In both cases, the fundamental difference between past and present is fresh eyes, clear leadership, accountability and a readiness to embrace the competitive world as it is, not as the executive floor wants it to be. Whitacre is far less of a car guy than Mulally, a trained engineer who’s spent his whole professional career designing and building things to sell to customers.

But I’m not sure that matters right now. GM needs someone who can separate performers from poseurs, a leader who’s comfortable assigning tasks to subordinates and holding them accountable for results, a CEO who has credibility with the capital markets, would-be investors and the remnants of President Barack Obama’s auto task force inside the Treasury Department.

"Ed Whitacre knocked the cover off the ball," Steven Rattner, head of the president’s auto task force, told me in a brief interview at the North American International Auto Show. You’d expect the guy who wooed Whitacre out of a comfortable retirement in Texas to talk up GM’s CEO, but the vote of confidence underscores why Whitacre probably is the right guy for the right time.

No guarantees — even in Texas

GM is in a crucial credibility rebuilding phase. It needs to pay back the government’s $5.7 billion in remaining loans, which Whitacre says will happen by June. It needs investors to consider its turnaround legit, a precondition to any initial public offering that would presage the government’s exit from its stake in GM. And it can only do that with a) market and sales performance and b) financial results and c) credible management unhitched from the past.

GM also needs would-be customers to look past its historic (and politicized) bankruptcy, the dealer closings, the brand cuts and the plant shutdowns to give its cars and trucks another look. So long as the economy stays away from another unforeseen crater, there’s a decent chance that can happen.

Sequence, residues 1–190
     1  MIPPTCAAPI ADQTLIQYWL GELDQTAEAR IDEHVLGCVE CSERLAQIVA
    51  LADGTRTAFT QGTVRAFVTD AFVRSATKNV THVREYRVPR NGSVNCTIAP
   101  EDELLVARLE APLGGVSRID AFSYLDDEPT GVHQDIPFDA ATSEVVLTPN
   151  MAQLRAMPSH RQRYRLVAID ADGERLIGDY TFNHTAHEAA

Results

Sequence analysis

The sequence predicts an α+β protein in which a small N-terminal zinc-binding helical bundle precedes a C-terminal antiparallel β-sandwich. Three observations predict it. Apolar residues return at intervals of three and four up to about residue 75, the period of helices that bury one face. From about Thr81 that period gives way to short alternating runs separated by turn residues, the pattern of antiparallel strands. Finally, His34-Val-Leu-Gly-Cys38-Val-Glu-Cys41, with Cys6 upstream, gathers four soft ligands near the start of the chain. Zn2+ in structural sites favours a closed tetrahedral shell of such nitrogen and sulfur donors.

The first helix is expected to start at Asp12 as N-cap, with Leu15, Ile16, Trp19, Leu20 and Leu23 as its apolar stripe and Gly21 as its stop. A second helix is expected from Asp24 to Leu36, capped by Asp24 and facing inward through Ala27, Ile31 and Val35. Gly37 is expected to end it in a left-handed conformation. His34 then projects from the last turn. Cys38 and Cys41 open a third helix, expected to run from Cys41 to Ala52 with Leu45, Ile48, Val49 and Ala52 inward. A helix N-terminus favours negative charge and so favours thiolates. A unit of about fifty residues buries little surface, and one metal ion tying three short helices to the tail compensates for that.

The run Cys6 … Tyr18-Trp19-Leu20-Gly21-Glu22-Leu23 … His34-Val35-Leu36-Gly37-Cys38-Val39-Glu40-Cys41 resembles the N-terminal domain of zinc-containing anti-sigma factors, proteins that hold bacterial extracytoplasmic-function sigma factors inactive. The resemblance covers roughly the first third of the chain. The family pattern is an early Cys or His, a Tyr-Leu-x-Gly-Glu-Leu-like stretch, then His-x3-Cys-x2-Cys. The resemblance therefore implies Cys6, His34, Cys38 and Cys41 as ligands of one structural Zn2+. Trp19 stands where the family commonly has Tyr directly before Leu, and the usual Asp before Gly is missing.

But there are no guarantees, even for a 68-year-old hotshot from Texas.

Whitacre will be unlike any GM CEO before him. He won’t live in a rambling home in Bloomfield Hills; he’ll commute from San Antonio, spending the work week at a downtown Detroit apartment.

Unlike previous GM CEOs, who used their perch to dominate select circles outside the company, he likely won’t be a fixture on the charity circuit or in civic groups; nor is he likely to be a deep-pocketed donor to the arts because Detroit won’t be home.

He also won’t tolerate the middling results and unfulfilled promise that brought GM to its knees, forcing a reluctant White House to engineer a rescue to avert an economic calamity. Unlike his predecessors atop the General, Whitacre has scant patience for excuses or poor results and he has a visceral mistrust of arcane, long-winded explanations.

He assigns responsibilities, to the point of hand-writing names next to items on a meeting agenda, and he expects accountability. He runs the company’s executive committee meetings in two hours instead of taking the customary day. And he has a bias for making decisions.

Which is just what GM needs."> (313) 222-2106 Daniel Howes’ column runs Tuesdays, Thursdays and Fridays

Additional Facts

The Whitacre file


  • Age: 68
  • Education: Industrial engineering degree from Texas Technological University
  • Started career at Southwestern Bell in 1963 as facility engineer
  • Named president and chief operating officer of SBC Communications in 1988
  • Elected chairman and CEO of SBC Communications in 1990
  • Elected chairman and CEO of AT&T Inc. after it merged with SBC Communications in 2005
  • Retired in 2007
  • Sits on boards of ExxonMobil Corp. and Burlington Northern Santa Fe Corp.
    Source: Detroit News research